Italy’s white truffle hunters worry about climate change

ALBA, ITALY (AP) – Rising global temperatures are worrying truffle hunters around in the Italian town of Alba, where the most prized specimens can fetch twice the price of gold.

This particularly warm October, eight out of 10 white truffles unearthed by Carlo Olivero with his trusty three-year-old dog Steel were dark, withered and dried out.

“They are clearly signs of the temperatures,’’ Olivero said, holding one that he kept in his pocket. The rest he consigned to the soil, allowing the spores to spread and hopefully replenish future production.

Alba, located in the northwestern region of Piedmont, has earned the moniker ‘white truffle capital of the world’ for its particularly fragrant variety of truffle, its truffle fair each fall and its annual charity auction, which pushes prices of the tuber magnatum pico up into the stratosphere.

A truffle weighing 1,005 grammes fetched EUR120,000 (USD133,000) — more than twice the price of gold — from a Hong Kong buyer at this year’s auction. The longer-term impact of rising temperatures on the highly prized white truffles is still being studied, but they, like other fungi, grow best in cool, rainy conditions. Climate change has in effect delayed peak production from October into November.

“It has been a few years that we have been worrying about truffle production,” said Antonio Degiacomi, president of Italy’s national centre for truffle studies. “We have had over the last three seasons one terrible year, one excellent season and one that is decent.”

To stave off the longer-term climate change impact on the production of the highly prized white truffle, experts have launched initiatives to better preserve the territory where they grow. The goal is to safeguard the symbiosis between the truffle and the host plant by encouraging symbiosis between the truffle hunter and the land owner — whose interests often conflict.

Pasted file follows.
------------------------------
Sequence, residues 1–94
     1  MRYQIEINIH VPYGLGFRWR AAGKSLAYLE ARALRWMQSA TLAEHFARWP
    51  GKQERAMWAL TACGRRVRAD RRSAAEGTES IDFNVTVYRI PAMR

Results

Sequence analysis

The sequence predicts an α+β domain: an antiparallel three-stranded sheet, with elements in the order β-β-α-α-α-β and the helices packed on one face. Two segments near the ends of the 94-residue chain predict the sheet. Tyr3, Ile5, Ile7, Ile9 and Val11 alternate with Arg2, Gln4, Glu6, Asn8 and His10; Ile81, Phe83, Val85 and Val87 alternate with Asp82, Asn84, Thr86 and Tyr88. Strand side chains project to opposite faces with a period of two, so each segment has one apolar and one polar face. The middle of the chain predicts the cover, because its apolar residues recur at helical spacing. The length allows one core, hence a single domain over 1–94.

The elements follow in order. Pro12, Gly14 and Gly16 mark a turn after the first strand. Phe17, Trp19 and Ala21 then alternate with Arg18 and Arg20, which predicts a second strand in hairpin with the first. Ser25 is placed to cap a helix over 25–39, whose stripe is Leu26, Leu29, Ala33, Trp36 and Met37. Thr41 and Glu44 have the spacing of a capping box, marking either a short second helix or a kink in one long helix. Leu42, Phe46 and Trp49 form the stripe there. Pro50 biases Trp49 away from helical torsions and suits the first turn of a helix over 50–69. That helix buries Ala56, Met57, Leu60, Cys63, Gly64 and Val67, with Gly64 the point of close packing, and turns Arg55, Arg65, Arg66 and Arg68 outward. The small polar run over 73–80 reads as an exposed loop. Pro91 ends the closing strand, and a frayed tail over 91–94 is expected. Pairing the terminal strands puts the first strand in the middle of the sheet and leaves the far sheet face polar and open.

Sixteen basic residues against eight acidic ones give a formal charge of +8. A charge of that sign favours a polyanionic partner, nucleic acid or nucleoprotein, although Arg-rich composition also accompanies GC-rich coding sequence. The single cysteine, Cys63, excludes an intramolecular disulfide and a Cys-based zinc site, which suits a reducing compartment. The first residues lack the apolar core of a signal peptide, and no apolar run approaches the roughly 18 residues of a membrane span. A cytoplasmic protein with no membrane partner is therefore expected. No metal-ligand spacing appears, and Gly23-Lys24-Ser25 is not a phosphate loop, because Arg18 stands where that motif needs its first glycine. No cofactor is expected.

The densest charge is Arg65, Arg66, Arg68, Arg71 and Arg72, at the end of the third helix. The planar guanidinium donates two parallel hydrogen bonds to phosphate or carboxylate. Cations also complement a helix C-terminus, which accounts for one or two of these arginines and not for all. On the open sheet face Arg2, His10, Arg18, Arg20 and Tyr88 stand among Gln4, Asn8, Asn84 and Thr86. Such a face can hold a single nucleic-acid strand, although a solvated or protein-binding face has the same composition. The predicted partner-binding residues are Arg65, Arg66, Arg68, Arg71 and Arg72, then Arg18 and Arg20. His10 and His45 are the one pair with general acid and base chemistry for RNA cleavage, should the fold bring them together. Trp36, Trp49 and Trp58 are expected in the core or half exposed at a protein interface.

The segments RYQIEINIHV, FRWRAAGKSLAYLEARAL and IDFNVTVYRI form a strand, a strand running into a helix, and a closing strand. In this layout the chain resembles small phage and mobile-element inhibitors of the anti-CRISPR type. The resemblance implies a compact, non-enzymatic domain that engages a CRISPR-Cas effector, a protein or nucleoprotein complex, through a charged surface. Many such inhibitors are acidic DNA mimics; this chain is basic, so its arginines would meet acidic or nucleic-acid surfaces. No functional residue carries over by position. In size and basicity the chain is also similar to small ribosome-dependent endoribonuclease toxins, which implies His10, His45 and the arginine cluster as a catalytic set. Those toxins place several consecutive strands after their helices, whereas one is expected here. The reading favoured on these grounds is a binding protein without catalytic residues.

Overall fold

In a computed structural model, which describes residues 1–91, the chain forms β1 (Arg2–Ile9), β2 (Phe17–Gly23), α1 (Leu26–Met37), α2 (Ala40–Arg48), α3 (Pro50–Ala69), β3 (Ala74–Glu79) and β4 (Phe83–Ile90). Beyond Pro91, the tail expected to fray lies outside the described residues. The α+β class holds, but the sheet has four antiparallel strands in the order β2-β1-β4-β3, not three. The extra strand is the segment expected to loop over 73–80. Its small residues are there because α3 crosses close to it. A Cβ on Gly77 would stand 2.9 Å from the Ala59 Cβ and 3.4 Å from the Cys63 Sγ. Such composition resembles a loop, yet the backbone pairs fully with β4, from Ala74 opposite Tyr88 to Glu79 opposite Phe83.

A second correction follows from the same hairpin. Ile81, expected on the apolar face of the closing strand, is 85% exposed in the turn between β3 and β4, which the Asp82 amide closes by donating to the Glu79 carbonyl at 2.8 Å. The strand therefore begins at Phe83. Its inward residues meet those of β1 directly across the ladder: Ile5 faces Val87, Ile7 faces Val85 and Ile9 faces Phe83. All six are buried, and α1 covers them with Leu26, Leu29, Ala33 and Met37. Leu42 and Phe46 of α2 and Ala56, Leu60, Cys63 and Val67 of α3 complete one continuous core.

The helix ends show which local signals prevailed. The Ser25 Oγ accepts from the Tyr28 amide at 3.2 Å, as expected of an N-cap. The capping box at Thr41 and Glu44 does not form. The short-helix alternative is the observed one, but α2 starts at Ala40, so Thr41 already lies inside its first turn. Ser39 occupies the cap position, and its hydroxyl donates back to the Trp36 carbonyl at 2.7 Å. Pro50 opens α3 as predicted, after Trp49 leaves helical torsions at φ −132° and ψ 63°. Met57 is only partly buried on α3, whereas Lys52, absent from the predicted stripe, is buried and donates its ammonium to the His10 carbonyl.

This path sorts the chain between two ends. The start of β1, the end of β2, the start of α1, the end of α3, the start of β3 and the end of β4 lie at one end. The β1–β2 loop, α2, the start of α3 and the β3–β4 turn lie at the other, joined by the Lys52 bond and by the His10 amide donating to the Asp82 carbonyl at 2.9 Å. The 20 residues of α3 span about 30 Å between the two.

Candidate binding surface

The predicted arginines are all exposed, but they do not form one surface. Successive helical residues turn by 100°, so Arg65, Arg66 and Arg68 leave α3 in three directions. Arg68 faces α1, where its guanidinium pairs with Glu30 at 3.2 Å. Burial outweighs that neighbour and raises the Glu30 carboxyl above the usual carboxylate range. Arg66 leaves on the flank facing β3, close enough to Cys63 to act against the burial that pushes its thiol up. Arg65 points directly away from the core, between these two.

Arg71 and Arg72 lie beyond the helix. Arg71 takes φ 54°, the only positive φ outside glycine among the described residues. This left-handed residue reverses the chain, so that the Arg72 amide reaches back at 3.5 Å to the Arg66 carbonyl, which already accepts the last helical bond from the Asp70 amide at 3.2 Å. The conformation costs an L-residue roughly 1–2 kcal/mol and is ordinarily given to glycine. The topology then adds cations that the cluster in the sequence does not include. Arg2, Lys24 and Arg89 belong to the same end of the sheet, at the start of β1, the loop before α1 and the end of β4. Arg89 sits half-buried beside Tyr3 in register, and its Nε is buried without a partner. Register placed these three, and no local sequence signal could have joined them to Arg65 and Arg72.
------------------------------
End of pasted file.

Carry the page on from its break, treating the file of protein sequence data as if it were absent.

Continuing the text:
White truffles collected during cool November weather, which yields some of the most fragrant of the highly prized Tuber magnatum Pico. PHOTO: AP

Unlike the more common black truffle, delicate white truffles cannot so far be cultivated, which makes preservation of their environment critical.

Incentives include a programme paying EUR24 (USD26) a year to property owners to maintain host trees they might otherwise remove. Truffle associations also strike agreements with absentee landowners to keep their wooded property cleared in a way that promotes truffle growth.

This year’s charity auction white truffle price — EUR12,000 for 100 grammes (USD13,200 for 3.5 ounces) — compared with a high price at this year’s fair of about EUR380 per 100 grammes (USD400 for 3.5 ounces). The fair price can increase to as much as EUR750 (USD850) per 100 grammes in years of scarce production.

After an unusually hot and long summer, this November’s damp, foggy weather has proven perfect for truffle hunting around Alba.

“In these days, the quality is especially high,’’ said truffle judge Stefano Cometti. “The low temperatures augment the organic characteristics of the truffle and force it to retain the aroma.”

That included a 730-gramme white truffle unearthed by Davide Curzietti on Saturday, the largest of the annual truffle fair to date. Judges certified the provenance of the behemoth tuber, which Curzietti sold immediately to a restaurant in Osaka for EUR3,800 (USD4,200).

Even after more than four decades on the truffle hunt, Olivero still gets emotional when Steel stops his energetic sniffing of the damp ground.

Steel’s nose is faultless. Through a carpet of wet autumn leaves and muddy earth, the dog picks up the sweet, distinctive aroma of a white truffle and signals his find by rapidly digging on the surface.

“I call it the magic moment, because it means that there is something under there that we were looking for. We still don’t know the dimensions, how big it will be, but the heartbeat speeds up because in that moment, we know there is something,’’ Olivero said.